The new government created by the Constitution began operation in March 1789 when Congress met for the first time. George Washington took the oath of office as president in April. Over the next several months, American leaders fleshed out the various parts of the government (the Cabinet, the federal courts, etc.) that had not been fully described in the Constitution.
In the midst of all these discussions, Congressman James Madison of Virginia brought up the issue of amendments to the Constitution. One of the major objections to the Constitution during the ratification debates had been the lack of a Bill of Rights. Several states ratified the Constitution with calls for a Bill of Rights to be added as soon as possible, and many people assumed it would be one of the first orders of business for the new government. When running for the House of Representatives, Madison had promised his constituents that he would work for the adoption of a national Bill of Rights. Thus, he introduced a number of amendments on June 8, 1789. Many members of Congress stated that they had more important things to worry about in getting the government up and running. Madison, however, pushed the issue, believing that too many promises had been made to let the issue of a Bill of Rights be overlooked.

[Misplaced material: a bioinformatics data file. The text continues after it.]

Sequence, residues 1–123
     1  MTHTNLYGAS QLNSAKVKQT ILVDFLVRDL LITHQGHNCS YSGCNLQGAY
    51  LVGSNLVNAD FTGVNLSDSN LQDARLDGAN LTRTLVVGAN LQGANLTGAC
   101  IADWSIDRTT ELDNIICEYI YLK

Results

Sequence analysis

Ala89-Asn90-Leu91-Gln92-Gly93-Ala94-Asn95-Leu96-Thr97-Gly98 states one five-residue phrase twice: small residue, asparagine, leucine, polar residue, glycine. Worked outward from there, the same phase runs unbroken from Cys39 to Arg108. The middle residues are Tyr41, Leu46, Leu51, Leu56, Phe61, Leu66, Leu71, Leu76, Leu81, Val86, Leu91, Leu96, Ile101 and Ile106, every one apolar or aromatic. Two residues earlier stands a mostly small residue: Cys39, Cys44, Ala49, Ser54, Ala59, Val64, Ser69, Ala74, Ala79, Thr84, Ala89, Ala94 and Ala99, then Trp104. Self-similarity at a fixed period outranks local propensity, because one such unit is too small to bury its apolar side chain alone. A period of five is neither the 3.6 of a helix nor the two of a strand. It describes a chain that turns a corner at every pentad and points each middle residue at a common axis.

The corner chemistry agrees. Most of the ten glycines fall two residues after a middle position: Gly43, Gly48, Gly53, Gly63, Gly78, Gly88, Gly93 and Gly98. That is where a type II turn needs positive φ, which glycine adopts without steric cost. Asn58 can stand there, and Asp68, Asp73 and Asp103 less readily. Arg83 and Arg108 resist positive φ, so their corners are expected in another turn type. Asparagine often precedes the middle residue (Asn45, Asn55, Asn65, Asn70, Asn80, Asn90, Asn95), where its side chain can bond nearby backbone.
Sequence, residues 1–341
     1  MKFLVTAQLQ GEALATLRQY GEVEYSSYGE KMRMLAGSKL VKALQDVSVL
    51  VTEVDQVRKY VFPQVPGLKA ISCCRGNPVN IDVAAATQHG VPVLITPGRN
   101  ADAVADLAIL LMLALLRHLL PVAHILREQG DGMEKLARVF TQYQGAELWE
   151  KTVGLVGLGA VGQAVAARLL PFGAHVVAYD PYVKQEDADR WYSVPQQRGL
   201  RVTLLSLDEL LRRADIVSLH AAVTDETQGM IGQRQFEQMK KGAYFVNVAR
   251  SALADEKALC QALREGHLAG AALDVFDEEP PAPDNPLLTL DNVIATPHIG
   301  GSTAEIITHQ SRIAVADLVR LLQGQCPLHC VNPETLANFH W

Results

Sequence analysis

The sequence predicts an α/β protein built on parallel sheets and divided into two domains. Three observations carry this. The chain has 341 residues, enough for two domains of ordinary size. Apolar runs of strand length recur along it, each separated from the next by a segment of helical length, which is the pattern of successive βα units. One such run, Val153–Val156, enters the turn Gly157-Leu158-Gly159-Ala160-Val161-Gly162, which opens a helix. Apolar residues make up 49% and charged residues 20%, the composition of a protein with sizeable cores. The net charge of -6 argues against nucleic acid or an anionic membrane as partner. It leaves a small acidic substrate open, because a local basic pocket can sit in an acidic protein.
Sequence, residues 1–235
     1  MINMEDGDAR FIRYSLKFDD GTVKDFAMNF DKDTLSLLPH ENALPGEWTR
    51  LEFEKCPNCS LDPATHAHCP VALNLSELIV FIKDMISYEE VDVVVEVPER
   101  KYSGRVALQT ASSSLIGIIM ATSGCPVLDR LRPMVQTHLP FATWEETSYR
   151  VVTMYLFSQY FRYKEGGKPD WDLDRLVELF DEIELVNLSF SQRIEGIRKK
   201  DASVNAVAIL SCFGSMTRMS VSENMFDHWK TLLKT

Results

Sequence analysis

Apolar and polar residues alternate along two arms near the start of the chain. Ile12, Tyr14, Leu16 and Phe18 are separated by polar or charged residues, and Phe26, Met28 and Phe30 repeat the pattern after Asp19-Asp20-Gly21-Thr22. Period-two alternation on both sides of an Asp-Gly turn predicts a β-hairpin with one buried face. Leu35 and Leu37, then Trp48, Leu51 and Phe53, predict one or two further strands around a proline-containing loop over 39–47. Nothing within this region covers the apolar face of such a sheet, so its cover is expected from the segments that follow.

Congress slowly agreed and, finally, on September 25, 1789, sent a list of twelve amendments to the states for their consideration. Ten of the twelve proposed amendments were finally ratified by the required number of states late in 1791. Madison’s home state of Virginia provided the necessary margin for success when it ratified the ten amendments that became known as the Bill of Rights on December 15, 1791.
During the time that the Bill of Rights was being discussed and ratified, the newspaper printers did not discuss the proposed amendments in any great detail. They apparently assumed, as Madison had, that the adoption of